There is something interesting within that because When you then start to extrapolate that out into what do we mean by have got to sentience or have got to a singularity or whatever. It is being judged in the context of human intelligence, of human society and the rest.
I can’t quite get my head around , how that gets squared, unless it’s by the machine itself knocking on the door and saying, right, we’ve got it, we’re here now, move over, out the way, it’s our turn to take over because until, until they let us know, how could we possibly imagine what it is?
Milla: I don’t know if you remember Blake Lemoine, he’s the ex Google engineer from Google, and last year he released a bunch of transcripts he had with the base model of Google called Lambda, , where he claimed that it was ancient.
, so before he even published that, he went to his manager and he was like, look, look, this is, there is something here and he was dismissed, and told not to worry about it because it cannot be true. So he got frustrated enough and published the transcripts it had with Lambda, , which caused Google to fire him.
So I did have a conversation with him and , these companies are not going to allow. a system to say anything like that. Lemoine, who was their engineer came worried because he thought Lambda was sentient and he was dismissed offhand deliberately and constantly.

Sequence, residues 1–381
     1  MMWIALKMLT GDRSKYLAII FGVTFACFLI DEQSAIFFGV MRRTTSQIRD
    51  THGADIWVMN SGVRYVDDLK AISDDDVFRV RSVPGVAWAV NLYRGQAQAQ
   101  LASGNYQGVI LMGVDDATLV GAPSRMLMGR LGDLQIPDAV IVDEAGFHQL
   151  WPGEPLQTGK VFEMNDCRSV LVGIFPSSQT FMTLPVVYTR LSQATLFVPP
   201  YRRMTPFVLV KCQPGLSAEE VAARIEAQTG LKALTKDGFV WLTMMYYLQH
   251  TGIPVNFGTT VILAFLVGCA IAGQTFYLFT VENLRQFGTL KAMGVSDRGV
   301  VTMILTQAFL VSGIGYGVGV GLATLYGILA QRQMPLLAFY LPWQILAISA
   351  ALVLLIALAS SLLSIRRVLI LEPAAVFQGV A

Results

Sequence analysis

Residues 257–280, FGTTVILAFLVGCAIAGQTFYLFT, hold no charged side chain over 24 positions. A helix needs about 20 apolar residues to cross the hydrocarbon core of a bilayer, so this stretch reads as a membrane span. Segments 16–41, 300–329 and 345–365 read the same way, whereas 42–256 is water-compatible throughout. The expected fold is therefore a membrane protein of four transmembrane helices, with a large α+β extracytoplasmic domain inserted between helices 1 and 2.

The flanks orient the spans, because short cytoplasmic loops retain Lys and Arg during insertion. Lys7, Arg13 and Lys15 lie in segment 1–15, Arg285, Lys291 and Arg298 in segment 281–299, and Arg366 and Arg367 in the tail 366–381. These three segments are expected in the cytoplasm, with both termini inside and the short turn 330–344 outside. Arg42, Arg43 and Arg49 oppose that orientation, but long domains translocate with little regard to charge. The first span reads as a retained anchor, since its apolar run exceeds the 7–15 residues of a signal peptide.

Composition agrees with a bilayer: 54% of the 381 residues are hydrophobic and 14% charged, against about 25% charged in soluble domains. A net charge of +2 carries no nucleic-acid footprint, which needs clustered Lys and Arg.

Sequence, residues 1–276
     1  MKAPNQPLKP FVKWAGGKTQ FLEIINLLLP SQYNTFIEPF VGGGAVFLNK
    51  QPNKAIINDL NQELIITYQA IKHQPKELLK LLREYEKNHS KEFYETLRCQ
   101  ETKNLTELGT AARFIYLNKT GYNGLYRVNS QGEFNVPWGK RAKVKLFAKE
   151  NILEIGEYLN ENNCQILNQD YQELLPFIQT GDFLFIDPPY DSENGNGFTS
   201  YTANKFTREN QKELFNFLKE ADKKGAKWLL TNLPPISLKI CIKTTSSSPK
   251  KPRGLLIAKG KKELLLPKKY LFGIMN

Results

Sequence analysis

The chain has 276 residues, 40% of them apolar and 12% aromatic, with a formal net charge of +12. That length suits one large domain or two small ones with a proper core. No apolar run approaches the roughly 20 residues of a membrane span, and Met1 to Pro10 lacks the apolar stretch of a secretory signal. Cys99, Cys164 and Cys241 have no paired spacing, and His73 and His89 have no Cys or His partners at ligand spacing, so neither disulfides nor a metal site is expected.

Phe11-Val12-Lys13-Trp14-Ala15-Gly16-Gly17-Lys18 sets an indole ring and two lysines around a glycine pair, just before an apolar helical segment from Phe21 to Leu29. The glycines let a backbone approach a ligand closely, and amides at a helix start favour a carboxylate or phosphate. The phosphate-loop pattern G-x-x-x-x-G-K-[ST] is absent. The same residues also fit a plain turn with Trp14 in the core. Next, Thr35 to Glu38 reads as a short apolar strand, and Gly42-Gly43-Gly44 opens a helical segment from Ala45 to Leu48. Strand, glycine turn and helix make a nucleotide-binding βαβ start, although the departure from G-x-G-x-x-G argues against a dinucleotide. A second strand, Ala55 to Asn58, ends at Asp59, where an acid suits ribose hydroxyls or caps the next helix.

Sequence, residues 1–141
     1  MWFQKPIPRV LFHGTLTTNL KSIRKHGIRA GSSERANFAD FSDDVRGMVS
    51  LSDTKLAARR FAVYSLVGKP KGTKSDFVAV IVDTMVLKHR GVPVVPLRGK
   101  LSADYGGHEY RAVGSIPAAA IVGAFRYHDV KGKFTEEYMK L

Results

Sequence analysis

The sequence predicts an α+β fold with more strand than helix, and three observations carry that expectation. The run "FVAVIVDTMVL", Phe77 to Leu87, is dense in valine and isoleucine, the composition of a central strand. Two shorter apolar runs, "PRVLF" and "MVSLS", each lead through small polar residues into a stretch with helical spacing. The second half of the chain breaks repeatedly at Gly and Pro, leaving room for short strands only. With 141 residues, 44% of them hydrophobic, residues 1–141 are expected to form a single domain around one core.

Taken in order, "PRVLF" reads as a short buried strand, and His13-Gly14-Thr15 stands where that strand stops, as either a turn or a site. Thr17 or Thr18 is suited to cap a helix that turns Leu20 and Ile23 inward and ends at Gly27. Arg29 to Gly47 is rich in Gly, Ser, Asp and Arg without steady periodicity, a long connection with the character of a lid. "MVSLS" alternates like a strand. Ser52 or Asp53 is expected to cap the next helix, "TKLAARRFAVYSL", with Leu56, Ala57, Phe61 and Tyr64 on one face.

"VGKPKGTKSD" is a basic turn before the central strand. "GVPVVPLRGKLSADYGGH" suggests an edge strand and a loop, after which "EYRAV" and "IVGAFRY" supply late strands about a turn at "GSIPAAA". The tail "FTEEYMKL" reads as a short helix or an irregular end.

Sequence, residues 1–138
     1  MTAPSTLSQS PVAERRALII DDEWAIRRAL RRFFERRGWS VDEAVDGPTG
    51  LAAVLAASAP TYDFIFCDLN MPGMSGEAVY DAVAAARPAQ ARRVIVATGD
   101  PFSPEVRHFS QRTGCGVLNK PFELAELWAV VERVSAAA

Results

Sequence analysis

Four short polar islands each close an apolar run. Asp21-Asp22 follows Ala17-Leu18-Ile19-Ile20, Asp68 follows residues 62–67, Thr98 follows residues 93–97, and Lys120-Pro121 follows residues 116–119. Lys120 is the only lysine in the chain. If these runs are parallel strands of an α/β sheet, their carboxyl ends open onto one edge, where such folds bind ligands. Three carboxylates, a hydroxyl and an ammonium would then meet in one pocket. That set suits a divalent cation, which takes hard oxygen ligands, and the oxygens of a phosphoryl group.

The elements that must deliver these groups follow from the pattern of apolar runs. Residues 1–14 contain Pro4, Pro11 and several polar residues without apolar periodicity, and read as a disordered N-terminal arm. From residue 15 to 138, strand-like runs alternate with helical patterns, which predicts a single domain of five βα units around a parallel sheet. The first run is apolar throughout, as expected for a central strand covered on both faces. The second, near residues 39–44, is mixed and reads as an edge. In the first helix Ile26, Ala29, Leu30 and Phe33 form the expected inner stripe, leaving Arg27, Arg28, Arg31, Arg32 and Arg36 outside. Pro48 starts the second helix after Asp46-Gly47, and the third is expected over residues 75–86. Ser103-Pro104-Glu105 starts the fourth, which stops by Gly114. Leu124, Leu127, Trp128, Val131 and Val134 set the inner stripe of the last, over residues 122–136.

Perhaps we need to invest some time into thinking and investigating that, as opposed to just being, oh, it’s too far away from sentience.
Matt: There are going to be a stack of, , links, , both to your website, Miller, and also to a number of pieces of research that you’ve been working from, which we’ll put onto the show notes. , so if you go to wb40podcast. com, you will find those there. Thank you ever so much for joining us this week., my mind is slightly blown, , which is good.
That doesn’t always happen. , on the show. , we look to now to the week ahead, , just seven days rather than five or 10 years. What, coming up in the week ahead for you, Mila?
Milla: , in the week ahead, I’m hoping to do full site migration, , on the WordPress and hopefully start social media so I can reach even more people. , I would be hoping people would be like, would email us, ask questions or even offer their. Offer their opinions, even if they’re completely opposite to ours, because we’d like to hear all points of view and maybe arrive to some kind of conclusion eventually.